When putting a new workflow in action against current open projects, if workflow validations or sources have changed, then of course the project might actually get hung out in limbo because the transitions may no longer work.  We found this to be the case in several instances, so yes; the level of impact assessment performed can have a profound effect on the database and projects contained within.  Since I was fairly new to the PPM process at that time, I did not do enough of an impact assessment.  That said, we learned from that very lesson and I took note of several responses I found in the forums where users has similar issues.  When we place this specific workflow into Production, we are now allowing the old ones to play out, so that we do not have to go into the database and make changes to existing projects or do the changes from the application itself.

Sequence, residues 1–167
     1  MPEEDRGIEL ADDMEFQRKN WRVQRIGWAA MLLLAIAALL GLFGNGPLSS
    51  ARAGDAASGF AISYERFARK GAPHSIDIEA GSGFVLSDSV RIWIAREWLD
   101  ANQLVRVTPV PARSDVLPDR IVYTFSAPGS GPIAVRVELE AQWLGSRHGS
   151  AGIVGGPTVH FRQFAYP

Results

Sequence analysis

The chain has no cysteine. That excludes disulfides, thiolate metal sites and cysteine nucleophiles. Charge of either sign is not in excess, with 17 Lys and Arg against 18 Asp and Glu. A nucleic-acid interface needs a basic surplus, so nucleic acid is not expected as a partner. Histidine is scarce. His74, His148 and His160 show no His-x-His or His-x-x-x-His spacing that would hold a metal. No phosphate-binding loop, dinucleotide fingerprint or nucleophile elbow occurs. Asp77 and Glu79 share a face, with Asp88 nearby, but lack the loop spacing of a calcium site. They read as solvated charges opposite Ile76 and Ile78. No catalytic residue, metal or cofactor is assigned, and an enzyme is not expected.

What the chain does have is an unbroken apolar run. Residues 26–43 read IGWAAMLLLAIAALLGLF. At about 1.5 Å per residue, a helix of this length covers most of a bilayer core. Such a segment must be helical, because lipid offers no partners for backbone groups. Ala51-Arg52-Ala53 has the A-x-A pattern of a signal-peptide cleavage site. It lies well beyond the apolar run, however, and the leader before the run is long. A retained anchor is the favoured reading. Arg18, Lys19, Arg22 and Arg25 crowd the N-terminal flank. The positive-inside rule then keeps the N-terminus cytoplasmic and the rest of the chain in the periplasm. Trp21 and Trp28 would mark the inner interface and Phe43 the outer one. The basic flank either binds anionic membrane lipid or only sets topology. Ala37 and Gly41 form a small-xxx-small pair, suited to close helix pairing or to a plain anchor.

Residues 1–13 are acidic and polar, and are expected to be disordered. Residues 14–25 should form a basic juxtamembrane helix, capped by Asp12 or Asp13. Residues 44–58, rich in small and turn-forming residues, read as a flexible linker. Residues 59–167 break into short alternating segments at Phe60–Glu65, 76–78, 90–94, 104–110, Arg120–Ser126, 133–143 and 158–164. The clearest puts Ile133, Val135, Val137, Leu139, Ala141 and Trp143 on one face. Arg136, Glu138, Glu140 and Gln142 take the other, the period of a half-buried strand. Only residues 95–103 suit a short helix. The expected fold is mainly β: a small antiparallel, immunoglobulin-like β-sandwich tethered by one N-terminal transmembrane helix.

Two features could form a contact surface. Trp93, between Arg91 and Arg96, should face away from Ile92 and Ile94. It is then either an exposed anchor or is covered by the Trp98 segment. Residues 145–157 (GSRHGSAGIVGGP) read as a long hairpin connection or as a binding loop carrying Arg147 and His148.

Additionally, as you noted, there are other issues that come to the forefront, including those with custom reports and portlets, etc.  So, it does make sense to create a new workflow process and allow the old projects to complete before disabling the old workflow.

 

Max

0 Likes
Highlighted
Absent Member.. Absent Member..
Absent Member..

Hey, Max,

Yet again I do not agree with you 🙂

We have done such workflow changes for our customers multiple times. In situations similar to yours, we used the move workflow feature to update the running projects, which by the way is documented and supported by HP.